Sunday, July 18, 2010

Must Reading: An Interview with Terry Coxon

Of all the commentators out there, this interview of Terry Coxon by Louis James comes as close to my thinking as any other perspectives I have seen. My only difference is that I am not as sure that politicians will see the value in gold and turn to it. I get Coxon's point, but I think it is one of many scenarios with regard to the currency, i.e., it could be worse than Coxon suggests. Further, in addition to Coxon's concern  on the monetary front, I am concerned, very concerned, about the new heavy regulation. The new regs alone, without a manipulated currency, could possibly sink the economy for years, if not decades.

Casey Research economist Terry Coxon, Interviewed by Louis James, Editor, International Speculator
L: Terry, when I asked Doug about the ongoing battle between those predicting inflation and those predicting deflation, he said he relied heavily on your judgment on these matters. That makes sense, since you literally wrote the book on inflation-proofing investments. So, can you explain in simple terms why Casey Research expects inflation? With some prices falling, it must seem to many that we’re simply off our rockers…

Coxon: We might have something that looks like deflation for a while, but inflation will win out in the end. It’s like being in a game in which one side always has one more move, until it finally wins. The government’s response to any whiff of deflation would be a restart of rapid growth of the money supply. That growth would be just as vigorous as the feared deflation seemed to be. The Federal Reserve would just keep piling on the cash, until deflation lost.
L: And presumably, with the government creating massive amounts of monetary inflation, masked by a period of average price deflation, by the time they realize they’ve gone too far, they will have gone way, way too far.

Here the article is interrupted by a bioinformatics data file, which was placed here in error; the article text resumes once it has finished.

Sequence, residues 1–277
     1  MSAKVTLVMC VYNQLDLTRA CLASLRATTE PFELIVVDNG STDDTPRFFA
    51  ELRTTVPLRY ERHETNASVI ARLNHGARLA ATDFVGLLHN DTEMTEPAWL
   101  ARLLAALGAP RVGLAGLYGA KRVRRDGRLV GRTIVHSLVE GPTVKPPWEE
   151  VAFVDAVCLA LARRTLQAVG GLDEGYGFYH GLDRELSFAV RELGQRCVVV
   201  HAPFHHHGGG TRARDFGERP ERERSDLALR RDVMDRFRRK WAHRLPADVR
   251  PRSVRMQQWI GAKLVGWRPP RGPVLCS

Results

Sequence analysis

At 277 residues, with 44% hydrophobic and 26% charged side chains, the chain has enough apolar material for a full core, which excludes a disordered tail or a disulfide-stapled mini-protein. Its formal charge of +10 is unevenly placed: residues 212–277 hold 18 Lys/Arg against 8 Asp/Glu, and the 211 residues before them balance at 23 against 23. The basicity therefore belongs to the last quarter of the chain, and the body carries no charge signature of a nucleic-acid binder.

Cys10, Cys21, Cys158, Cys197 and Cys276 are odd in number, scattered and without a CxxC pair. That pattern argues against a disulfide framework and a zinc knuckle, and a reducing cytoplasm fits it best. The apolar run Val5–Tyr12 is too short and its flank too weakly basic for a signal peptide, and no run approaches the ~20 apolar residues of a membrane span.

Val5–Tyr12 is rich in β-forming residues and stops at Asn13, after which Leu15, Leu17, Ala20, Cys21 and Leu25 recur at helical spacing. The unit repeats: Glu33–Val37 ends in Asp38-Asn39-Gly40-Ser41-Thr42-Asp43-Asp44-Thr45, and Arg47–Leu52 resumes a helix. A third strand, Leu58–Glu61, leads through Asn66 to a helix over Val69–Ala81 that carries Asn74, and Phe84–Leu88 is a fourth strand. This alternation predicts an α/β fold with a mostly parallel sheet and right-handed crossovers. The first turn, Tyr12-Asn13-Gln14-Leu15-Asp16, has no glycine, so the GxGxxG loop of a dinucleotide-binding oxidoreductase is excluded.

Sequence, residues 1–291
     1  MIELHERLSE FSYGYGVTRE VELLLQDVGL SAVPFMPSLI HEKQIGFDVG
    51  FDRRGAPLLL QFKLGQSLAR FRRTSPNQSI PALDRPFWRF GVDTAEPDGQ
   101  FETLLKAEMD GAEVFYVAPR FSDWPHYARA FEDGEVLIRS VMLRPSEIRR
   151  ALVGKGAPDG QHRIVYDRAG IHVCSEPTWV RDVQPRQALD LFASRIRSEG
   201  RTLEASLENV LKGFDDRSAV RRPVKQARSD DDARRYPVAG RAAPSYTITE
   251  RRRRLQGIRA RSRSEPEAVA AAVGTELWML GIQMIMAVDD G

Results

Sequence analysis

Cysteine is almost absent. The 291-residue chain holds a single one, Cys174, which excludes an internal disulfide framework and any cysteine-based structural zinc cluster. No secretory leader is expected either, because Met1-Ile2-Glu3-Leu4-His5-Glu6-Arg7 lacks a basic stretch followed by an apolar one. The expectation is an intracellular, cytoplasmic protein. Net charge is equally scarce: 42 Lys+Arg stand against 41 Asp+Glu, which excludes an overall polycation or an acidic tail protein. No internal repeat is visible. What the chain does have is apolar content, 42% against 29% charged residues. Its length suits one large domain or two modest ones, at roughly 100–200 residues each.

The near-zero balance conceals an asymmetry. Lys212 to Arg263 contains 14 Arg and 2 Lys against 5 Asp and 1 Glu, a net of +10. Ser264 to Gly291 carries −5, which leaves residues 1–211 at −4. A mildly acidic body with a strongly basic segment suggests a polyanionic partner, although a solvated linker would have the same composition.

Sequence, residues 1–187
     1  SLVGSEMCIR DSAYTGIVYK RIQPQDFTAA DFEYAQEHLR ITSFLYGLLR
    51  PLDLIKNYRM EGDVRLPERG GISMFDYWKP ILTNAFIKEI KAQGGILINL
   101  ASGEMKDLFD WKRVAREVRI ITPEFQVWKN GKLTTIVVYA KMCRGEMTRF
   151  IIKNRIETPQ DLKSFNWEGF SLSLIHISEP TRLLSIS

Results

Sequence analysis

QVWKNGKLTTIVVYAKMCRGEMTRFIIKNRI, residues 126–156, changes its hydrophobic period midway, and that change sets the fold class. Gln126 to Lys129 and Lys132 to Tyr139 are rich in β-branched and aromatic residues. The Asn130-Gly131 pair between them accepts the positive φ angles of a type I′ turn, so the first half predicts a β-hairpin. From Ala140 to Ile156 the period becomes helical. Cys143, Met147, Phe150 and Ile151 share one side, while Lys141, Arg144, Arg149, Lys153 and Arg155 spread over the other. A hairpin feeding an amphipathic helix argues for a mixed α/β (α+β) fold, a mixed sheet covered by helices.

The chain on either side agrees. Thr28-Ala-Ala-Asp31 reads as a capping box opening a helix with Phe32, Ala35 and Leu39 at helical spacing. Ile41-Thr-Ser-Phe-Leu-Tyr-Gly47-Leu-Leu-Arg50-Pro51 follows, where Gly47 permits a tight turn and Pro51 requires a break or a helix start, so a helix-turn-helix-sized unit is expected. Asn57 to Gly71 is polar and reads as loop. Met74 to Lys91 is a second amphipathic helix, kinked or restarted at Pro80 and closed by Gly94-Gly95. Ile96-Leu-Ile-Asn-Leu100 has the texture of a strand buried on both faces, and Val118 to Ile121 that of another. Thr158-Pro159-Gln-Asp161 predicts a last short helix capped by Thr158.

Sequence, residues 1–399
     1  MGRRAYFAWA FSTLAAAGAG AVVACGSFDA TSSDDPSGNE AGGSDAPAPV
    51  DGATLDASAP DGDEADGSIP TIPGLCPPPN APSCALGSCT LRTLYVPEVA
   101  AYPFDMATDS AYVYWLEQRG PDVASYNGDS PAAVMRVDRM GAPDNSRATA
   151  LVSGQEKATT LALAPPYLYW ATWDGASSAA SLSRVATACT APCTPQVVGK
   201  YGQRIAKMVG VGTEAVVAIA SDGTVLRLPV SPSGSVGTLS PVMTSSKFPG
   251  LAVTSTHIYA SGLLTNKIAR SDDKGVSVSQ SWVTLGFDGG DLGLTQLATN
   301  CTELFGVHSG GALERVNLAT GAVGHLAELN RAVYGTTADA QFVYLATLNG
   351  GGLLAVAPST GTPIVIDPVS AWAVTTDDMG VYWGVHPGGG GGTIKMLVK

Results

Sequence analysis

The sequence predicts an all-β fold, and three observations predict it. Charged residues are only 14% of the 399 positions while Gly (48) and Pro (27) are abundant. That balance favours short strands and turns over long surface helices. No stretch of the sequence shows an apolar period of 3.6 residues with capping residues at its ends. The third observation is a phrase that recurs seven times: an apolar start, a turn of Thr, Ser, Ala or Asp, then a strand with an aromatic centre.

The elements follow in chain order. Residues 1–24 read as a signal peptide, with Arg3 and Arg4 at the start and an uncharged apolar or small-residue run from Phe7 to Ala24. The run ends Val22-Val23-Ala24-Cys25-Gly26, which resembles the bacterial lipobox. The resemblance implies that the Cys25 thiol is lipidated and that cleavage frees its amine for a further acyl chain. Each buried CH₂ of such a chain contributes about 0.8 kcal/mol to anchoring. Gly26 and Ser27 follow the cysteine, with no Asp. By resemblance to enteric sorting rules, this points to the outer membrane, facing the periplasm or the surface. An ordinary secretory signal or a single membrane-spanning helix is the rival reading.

Coxon: That’s right. Administering monetary policy is like driving a bumper car, in which the feedback is very slow and has a lot of noise in it. At any given moment, the Federal Reserve – or any other monetary authority – doesn’t really know what the demand for cash is. They can only guess. If they are worried about deflation, they guess on the high side, creating more cash to satisfy what they think the demand for money is. If they overdo it, or if they underdo it, they won’t know they’ve gone too far for months, maybe years.
In running a central bank, there is a long time delay in seeing the results of what you’ve done. Milton Friedman’s famous expression was: “The lags in the effects of changes in the money supply are long and variable.”

L: Indeed. Let’s be clear here: when we talk about changing the money supply, are we talking about printing paper notes, are we talking about electronic ledger entries, are we talking about changing interest rates that govern multiplier effects, or some or all of the above?

Coxon: Two out of three. The mechanism is that the Federal Reserve purchases something. It’s usually the Federal Reserve Bank of New York that does the chore. What they most commonly buy is U.S. Treasury securities. In the last go-around, they bought a lot of other things, particularly a lot of junk debt, which is of grave concern to many, but is immaterial to the effect on changing the money supply. It’s how they pay for it that expands the money supply, and they pay for it by crediting the seller’s account at one of the banks maintained by the Federal Reserve. That makes more cash available to the seller’s bank. If the ultimate seller is a commercial bank, then it has more cash available to it.